Emma Watson calls for feminist alternatives to pornography

Gloria Steinem discussed the differences between 'pornography' and 'erotica'  in a conversation with the actress

Emma Watson has called for the creation of "awesome alternatives" to pornography that empower instead of objectifying women.

Watson spoke as she interviewed the iconic feminist campaigner Gloria Steinem to coincide with the release of Steinem’s new book, My Life on the Road, which was the first to be featured in Watson’s new feminist book club Our Shared Shelf.

Steinem has long stressed the difference between erotica and pornography and on Wednesday expressed concern at how young people may grow up to perceive sex through watching pornography. “We should at least have a word for sex that is mutual and pleasurable and not about domination, pain, violence, humiliation and so on,” she said. 

Referring to a previous conversation she and Watson had, Steinem continued: “We were both worried about the envelopment of the earth in pornographic images. Young people especially. The right wing (right wing just in a general way) on one hand is suppressing sex education and allowing, or profiteering off pornography so young people look at porno and think that’s it. That’s what is supposed to be. I was hoping that having a word for erotica, for shared mutual pleasurable empathetic sex, real pleasurable sex would help us do something about pornography. […] Maybe not existing is a long way off, but having an alternative."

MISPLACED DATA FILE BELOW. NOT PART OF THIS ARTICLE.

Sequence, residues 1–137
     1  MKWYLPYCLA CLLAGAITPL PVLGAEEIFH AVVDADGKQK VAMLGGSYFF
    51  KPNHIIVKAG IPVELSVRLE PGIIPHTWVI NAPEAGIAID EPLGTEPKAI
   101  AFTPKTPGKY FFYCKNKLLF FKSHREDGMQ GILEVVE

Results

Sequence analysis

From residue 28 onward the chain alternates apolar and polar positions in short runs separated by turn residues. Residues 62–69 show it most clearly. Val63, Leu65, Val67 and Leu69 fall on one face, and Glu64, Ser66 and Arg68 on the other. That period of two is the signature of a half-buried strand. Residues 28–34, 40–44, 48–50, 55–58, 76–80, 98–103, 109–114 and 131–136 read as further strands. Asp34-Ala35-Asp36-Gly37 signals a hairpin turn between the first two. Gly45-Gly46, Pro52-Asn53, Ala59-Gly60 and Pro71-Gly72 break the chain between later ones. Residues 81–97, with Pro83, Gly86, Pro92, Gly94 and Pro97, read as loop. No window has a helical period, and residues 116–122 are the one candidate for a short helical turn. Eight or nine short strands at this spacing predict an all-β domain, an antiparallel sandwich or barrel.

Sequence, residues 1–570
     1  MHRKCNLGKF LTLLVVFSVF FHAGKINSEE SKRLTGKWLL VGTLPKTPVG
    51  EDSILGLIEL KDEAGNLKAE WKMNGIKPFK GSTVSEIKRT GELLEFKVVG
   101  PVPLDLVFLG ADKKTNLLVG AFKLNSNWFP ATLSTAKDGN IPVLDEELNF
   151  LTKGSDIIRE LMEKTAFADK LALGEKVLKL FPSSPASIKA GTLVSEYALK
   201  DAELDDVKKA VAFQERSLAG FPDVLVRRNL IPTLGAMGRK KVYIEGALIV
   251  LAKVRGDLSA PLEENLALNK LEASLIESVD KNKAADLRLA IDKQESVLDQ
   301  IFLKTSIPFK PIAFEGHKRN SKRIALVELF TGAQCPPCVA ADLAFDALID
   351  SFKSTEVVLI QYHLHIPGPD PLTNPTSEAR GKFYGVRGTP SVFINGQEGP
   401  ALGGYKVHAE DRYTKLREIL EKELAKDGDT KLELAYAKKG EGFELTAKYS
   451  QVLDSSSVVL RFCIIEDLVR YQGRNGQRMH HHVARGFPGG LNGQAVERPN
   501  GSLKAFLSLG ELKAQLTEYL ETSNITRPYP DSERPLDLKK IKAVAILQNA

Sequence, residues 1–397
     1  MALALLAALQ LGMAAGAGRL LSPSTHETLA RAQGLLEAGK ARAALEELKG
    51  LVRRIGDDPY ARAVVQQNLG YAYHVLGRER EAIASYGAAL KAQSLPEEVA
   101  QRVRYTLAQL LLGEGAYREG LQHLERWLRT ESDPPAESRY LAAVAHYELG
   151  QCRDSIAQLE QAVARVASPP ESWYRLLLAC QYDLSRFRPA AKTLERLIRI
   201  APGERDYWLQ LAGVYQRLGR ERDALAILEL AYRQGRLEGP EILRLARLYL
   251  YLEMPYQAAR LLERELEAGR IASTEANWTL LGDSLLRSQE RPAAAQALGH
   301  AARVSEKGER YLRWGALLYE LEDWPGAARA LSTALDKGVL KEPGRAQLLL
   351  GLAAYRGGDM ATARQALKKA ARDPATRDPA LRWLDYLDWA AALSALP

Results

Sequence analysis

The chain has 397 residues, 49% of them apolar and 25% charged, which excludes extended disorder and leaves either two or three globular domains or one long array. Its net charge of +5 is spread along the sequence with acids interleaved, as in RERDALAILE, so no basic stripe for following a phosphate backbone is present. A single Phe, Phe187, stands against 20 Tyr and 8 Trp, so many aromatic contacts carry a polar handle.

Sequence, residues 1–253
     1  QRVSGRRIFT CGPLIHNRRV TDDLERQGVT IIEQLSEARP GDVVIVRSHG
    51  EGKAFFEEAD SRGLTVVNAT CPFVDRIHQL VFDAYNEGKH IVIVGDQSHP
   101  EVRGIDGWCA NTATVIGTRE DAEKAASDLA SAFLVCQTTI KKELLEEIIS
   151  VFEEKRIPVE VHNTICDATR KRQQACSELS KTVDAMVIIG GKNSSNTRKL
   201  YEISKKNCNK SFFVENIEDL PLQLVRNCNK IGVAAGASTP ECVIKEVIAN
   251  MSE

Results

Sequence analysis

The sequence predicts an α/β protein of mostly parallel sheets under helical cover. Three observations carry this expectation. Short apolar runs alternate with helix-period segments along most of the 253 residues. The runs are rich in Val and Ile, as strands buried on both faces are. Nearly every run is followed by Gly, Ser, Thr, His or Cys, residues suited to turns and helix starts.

"That I definitely think is possible," replied Watson. "We should be creating lots of awesome, great alternatives to pornography.”

Watson and Steinem discussed a number of issues relating to feminism during the 90-minute conversation including sexuality, abortion, violence against women and politics. They also touched on the significance of Hermione Granger as a character and the nervousness they both still feel before public speaking. 

The pair spoke about their backgrounds and childhoods, with Watson admitting that as much as she tried to escape being Hermoine Granger in the Harry Potter series, she was more like her than she thought.

“I feel as though I spent a long time trying to pretend I was not like Hermione. And, of course, I was rather like Hermione. I’ve finally come to accept that fact. It’s made me who I am and I celebrate it.”

Watson has emerged as a prominent feminist after giving her famous HeforShe speech to the UN in 2014 asking men to help in the fight for gender equality.

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The 25-year-old recently announced she is to take a break from acting to focus on and learn more about feminism, a move which Steinem labelled "great and important".